The weather is heating up and so is the natural gas market; over the past month, the Henry Hub has climbed from around $2 to $2.6-$2.7. But will this rally persist? Let's examine the recent developments in the natural gas market.
Inventories - the gap is shrinking
One of the main changes that transpired in the natural gas market is the closing of the gap between historic levels of natural gas inventories and current levels, as indicated in the following chart.
As you can see, over the past month this year's natural gas storage went from being close to 70% above the levels recorded last year to around 25%; and compared to the 5-year average, the storage dropped from close to 50% higher than normal to 28%. Another way to look at this contraction in the gap between historic storage levels and current levels is the pace of the natural gas buildup: Since the injection season started back in April, the buildup was only 626 Bcf; in comparison, the 5-year average for the same period and time frame was 790 Bcf - roughly 20% lower. Is this a matter of higher demand, lower production or a combination? So far, it seems to be more a demand side story. According to the EIA weekly report, marketed production has remained stable at around 80.6 Bcf per day; this is very close to the levels recorded last year. And even though rigs are still at low levels - Baker Hughes (BHI) reported of only 86 operating natural gas rigs, which has remained virtually unchanged over the past couple of months - the EIA still projects a modest gain (of 1%) in annual production compared to 2015. But the demand for natural gas is expected to pick up by 1.7%, year on year, during 2016. Most this rally is attributed to higher consumption in the electric power sector - an expected rise of 5.1% this year. The low natural gas prices (along with the ongoing drop in coal production) have led electric power companies to increase their use of natural gas as an input. And now that this summer has started off hotter than normal; this only raises the demand for natural gas in the power sector. Despite the recent rise in demand, the EIA still expects inventories to reach 4,161 Bcf by the end of the injection season - which is still the highest level on record to start the extraction season.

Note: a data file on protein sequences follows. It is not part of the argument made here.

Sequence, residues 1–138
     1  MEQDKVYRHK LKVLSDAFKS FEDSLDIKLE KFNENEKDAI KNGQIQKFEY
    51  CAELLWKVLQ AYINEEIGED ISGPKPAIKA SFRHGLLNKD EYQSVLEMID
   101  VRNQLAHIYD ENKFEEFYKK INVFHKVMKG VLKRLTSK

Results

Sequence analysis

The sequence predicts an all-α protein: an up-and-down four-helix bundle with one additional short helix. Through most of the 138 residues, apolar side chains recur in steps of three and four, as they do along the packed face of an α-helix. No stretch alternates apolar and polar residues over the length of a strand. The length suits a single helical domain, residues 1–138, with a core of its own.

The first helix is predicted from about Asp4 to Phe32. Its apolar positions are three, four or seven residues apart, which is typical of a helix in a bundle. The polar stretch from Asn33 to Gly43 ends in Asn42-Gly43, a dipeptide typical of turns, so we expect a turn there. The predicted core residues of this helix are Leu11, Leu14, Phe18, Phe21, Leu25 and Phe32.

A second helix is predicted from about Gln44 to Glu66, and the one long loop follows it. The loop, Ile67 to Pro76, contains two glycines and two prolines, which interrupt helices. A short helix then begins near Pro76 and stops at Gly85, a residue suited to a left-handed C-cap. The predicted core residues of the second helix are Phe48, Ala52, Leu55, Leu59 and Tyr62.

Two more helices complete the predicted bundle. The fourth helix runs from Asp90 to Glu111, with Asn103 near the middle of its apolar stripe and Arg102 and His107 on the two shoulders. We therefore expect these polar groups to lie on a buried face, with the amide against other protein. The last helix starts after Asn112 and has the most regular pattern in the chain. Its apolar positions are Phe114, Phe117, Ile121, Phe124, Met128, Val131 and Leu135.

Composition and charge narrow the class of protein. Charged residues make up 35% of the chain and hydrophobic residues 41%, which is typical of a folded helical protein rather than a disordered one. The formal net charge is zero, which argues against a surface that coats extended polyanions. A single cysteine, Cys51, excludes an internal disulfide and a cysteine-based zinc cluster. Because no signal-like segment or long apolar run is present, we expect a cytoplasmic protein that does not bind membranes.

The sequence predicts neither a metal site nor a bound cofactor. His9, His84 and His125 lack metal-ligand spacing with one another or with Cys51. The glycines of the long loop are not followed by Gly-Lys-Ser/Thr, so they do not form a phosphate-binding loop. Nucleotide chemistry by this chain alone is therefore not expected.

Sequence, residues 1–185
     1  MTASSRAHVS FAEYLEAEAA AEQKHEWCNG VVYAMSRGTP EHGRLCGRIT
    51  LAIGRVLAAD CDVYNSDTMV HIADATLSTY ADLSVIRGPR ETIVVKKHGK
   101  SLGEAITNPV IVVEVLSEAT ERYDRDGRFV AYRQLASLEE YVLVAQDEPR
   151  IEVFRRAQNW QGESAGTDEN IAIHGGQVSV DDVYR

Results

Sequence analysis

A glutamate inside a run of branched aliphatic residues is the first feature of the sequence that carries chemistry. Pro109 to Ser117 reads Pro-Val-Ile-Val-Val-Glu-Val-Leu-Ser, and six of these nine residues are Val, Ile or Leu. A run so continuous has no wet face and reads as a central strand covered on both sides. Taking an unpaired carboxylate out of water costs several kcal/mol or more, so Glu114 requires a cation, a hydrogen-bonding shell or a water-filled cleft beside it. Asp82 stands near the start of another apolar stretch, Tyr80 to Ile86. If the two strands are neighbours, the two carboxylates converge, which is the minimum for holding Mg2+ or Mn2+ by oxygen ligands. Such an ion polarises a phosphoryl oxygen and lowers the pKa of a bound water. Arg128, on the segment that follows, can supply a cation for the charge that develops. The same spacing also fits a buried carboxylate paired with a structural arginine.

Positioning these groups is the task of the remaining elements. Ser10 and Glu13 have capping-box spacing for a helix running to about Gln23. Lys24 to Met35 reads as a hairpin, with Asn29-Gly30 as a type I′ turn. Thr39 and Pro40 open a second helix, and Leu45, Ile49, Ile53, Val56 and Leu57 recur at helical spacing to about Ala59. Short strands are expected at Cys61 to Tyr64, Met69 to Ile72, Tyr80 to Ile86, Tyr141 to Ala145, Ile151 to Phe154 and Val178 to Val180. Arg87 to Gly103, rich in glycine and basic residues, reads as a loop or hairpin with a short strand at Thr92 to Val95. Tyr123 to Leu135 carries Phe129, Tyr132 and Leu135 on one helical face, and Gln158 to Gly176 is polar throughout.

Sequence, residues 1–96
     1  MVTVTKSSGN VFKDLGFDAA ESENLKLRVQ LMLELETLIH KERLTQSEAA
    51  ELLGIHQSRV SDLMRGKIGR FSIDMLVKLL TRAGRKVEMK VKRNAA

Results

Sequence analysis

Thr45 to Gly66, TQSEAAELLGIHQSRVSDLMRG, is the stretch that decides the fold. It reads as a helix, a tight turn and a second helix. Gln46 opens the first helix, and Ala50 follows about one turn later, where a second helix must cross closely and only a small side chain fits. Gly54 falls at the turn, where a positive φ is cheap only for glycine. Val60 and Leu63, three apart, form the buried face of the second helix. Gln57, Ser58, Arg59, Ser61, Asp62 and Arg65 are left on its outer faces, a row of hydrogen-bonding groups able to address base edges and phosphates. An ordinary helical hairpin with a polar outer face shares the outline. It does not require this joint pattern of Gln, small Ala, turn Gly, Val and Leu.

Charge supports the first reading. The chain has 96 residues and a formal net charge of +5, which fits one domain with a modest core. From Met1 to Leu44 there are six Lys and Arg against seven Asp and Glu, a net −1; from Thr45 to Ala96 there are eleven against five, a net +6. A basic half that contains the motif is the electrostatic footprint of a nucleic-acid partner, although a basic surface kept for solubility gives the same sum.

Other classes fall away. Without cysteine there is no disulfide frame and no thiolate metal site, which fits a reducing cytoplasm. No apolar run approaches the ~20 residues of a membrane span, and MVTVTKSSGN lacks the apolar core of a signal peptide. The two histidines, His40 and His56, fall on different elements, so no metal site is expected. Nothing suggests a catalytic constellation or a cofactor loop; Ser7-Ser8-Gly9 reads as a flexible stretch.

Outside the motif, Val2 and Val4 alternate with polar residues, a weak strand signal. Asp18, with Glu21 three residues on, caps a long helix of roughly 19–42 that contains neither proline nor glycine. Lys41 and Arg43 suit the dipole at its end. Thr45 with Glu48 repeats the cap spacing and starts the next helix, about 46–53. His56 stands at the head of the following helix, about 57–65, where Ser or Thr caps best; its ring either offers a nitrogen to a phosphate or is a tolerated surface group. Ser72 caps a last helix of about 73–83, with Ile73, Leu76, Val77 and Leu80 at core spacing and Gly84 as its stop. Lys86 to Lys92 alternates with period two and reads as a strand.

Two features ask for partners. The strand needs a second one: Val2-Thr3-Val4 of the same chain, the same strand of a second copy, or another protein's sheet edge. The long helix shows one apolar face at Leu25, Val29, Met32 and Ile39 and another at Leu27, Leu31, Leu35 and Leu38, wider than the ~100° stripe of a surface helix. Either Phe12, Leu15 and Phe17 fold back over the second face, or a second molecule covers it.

It's worth noticing that in the future markets there has also been a drop in the Contango; this could suggest that the gap between future prices and current prices is closing so that the market projections less price appreciation in the subsequent months. The decline in the Contango could also suggest a lower adverse impact to the pricing of United States Natural Gas (NYSEARCA:UNG) because of roll decay.
The storage levels are picking up at a slower pace and the demand is rising - the warmer than normal weather also helps drive up the demand for natural gas in the power sector. This shift has led to a recovery in natural gas prices, which are still very low. But considering production isn't falling and storage will remain much higher than normal prices are still expected to maintain their low levels compared to previous years. For more see: Natural Gas is Still Floating… Barely
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